A-G grilled in US probe into Russia meddling

Attorney-General Jeff Sessions' interview with investigators last week was the latest in a balancing act that has lasted nearly a year. He has sought to get back in US President Donald Trump's good graces, while also trying to present a veneer of ind
Attorney-General Jeff Sessions' interview with investigators last week was the latest in a balancing act that has lasted nearly a year. He has sought to get back in US President Donald Trump's good graces, while also trying to present a veneer of independence in congressional testimony.PHOTO: EPA-EFE

He becomes first member of Trump's Cabinet to be interviewed in special counsel inquiry

WASHINGTON • US Attorney-General Jeff Sessions was questioned for several hours last week as part of the special counsel investigation, the Justice Department confirmed on Tuesday, making him the first member of President Donald Trump's Cabinet to be interviewed in the inquiry.

The interview occurred as Special Counsel Robert Mueller is increasingly focused on Mr Trump's conduct in office and on whether he obstructed the investigation itself, according to two people briefed on the matter.

In recent weeks, Mr Mueller has told the President's lawyers that he will most likely want to interview Mr Trump about the firing of former Federal Bureau of Investigation (FBI) director James Comey, and about former national security adviser Michael Flynn, one of the people said.

Mr Mueller's investigators have asked current and former Trump administration officials about what Mr Trump cited as reasons for Mr Comey's firing, and why Mr Trump was so concerned about having someone loyal to him oversee the Russia investigation, people familiar with the interviews said.

For Mr Sessions, the interview was the latest in a balancing act that has lasted nearly a year.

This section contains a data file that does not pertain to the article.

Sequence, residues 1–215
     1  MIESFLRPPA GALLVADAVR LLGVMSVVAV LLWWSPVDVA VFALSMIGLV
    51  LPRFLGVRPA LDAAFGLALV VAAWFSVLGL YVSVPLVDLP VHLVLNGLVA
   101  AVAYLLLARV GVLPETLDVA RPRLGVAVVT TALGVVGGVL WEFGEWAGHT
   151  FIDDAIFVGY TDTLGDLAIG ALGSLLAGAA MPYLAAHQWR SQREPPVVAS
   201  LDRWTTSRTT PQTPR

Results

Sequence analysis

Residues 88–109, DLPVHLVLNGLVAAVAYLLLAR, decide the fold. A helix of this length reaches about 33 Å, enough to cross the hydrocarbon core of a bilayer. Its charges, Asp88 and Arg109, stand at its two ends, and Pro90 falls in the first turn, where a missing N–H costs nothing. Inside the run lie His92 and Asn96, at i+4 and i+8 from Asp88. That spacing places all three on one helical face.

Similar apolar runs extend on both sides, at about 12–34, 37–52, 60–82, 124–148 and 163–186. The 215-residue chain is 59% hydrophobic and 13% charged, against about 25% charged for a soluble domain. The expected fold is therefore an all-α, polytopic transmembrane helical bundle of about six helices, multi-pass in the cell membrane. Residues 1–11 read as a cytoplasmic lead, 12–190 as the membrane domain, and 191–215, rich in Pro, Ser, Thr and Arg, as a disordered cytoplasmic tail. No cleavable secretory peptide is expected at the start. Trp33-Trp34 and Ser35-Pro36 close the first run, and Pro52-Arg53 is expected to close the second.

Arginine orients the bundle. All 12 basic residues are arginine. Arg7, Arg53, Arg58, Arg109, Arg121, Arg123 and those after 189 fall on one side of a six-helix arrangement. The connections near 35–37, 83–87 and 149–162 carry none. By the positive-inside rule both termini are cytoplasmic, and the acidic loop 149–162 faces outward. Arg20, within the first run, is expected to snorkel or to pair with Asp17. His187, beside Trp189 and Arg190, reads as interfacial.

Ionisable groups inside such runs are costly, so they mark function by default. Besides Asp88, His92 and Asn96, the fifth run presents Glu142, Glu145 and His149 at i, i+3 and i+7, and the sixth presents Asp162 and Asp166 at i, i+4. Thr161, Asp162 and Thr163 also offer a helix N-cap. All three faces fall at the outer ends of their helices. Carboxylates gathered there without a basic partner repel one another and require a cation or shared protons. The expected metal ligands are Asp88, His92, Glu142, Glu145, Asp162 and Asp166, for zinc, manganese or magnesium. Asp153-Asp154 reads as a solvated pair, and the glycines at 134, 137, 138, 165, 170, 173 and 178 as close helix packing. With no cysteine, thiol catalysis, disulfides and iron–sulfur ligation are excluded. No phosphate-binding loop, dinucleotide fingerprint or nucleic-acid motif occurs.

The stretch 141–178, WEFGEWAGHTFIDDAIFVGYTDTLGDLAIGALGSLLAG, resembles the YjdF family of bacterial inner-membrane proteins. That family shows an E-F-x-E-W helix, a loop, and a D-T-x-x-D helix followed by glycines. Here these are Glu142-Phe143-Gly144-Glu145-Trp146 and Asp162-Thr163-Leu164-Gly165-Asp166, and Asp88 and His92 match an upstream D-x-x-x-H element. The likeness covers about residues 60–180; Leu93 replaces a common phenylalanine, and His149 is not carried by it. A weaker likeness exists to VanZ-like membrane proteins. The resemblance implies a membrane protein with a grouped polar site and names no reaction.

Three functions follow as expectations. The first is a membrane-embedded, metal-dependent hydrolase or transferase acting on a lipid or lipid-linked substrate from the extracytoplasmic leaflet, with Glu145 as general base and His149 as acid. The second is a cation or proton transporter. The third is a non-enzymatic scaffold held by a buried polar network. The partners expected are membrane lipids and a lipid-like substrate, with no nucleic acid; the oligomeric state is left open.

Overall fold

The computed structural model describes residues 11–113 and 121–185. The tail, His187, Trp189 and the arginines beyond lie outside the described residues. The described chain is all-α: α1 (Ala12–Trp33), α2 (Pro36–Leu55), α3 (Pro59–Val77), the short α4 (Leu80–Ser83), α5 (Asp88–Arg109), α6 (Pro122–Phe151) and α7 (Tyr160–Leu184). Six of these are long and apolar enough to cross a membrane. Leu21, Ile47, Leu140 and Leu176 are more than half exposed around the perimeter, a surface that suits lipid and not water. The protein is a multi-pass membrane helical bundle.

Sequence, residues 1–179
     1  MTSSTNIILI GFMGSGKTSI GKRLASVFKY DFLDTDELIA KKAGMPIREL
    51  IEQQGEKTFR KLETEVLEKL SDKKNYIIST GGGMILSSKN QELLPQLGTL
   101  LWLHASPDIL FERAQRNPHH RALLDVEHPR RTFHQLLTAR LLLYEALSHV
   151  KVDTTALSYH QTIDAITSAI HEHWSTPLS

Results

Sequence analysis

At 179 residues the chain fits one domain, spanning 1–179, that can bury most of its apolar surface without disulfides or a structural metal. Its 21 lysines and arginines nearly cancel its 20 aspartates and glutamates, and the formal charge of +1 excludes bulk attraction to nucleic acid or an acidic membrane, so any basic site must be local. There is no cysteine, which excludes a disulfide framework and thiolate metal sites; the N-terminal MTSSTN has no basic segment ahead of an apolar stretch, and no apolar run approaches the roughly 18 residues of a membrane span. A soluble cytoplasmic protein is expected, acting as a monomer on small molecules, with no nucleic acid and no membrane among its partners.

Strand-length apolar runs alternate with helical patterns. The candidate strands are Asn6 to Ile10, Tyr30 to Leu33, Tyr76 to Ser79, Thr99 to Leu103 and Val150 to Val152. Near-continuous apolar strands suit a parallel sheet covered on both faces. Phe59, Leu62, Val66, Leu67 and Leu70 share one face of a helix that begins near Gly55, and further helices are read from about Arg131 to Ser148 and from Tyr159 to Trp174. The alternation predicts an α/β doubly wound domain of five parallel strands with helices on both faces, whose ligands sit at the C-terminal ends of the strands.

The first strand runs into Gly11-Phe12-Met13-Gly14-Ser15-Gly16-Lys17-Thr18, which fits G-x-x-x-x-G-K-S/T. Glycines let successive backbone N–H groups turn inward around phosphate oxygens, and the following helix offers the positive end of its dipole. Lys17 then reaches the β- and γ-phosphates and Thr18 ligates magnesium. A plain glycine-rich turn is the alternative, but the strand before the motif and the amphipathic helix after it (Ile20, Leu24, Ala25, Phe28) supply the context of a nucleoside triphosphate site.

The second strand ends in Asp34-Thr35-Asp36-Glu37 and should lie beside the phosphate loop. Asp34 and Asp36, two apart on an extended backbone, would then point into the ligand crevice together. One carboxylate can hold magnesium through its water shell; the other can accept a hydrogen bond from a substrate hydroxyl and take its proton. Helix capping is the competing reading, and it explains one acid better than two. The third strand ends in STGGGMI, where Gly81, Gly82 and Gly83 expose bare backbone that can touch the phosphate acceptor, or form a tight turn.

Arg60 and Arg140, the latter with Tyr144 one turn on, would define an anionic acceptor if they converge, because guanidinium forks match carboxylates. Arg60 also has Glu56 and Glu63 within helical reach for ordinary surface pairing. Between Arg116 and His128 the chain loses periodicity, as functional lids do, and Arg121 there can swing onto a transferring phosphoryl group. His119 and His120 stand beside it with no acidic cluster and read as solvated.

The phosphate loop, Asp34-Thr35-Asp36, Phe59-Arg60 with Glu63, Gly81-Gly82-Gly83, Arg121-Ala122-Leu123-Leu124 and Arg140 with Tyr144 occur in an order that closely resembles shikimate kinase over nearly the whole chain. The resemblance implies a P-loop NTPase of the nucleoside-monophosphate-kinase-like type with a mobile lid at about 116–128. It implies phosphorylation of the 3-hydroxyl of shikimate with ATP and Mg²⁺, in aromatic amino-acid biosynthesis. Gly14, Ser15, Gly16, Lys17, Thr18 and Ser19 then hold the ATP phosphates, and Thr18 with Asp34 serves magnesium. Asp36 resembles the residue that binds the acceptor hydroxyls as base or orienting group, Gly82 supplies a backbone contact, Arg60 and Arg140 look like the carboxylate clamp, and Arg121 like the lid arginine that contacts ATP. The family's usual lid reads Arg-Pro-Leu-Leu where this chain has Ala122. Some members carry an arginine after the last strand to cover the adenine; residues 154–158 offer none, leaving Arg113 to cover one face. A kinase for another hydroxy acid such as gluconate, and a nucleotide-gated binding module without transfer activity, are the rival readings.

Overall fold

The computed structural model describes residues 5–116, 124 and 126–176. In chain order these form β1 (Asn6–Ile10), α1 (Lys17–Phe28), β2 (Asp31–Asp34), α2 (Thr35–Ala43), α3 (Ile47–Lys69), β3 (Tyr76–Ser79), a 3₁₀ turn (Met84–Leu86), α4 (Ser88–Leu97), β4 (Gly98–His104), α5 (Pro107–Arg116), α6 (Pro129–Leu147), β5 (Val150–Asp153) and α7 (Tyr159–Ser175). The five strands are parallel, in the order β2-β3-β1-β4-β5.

He has sought to get back in Mr Trump's good graces by pursuing investigations into issues such as leaks to the news media, and relaying Mr Trump's displeasure about senior FBI leadership to the bureau's current director Christopher Wray.

But Mr Sessions has also tried to present a veneer of independence in congressional testimony, and has now met investigators in Mr Mueller's inquiry, which has for months cast a shadow over the Trump White House.

"I am not at all concerned," Mr Trump told reporters at the White House when asked about the development involving Mr Sessions.

Stanford University law professor David Sklansky said it would be hard to see how Mr Mueller could carry out the investigation without interviewing Mr Sessions.

"The focus of the investigation is on ties between members of the Trump campaign and Russian officials, and Sessions was in the middle of that," he said.

News of Mr Sessions' interview set off a day of revelations that highlighted Mr Trump's charged relationship with his top law enforcement officials.

According to a person briefed on the matter, Mr Comey met Mr Mueller's investigators last year to answer questions about memos that he wrote detailing interactions with the President that had unnerved him.

In remarks to the media in the Oval Office on Tuesday, Mr Trump denied a report that Mr Wray had threatened to resign.

"He didn't at all," Mr Trump said of Mr Wray, adding: "He did not even a little bit. Nope. He is going to do a good job."

The report, by the website Axios, said that Mr Sessions was pressuring Mr Wray, at the President's behest, to clear the FBI of loyalists to Mr Comey.

But Mr Wray responded that he needed to move at his own pace to make changes, and that if Mr Sessions and the President wanted replacements made more quickly, someone else would have to do it, according to a person familiar with the exchange.

Mr Wray's tenure has been tense as the President has repeatedly fanned suspicion about whether the FBI's work is politically motivated, including in the Russia investigation.

NYTIMES, REUTERS

A version of this article appeared in the print edition of The Straits Times on January 25, 2018, with the headline 'A-G grilled in US probe into Russia meddling'. Print Edition | Subscribe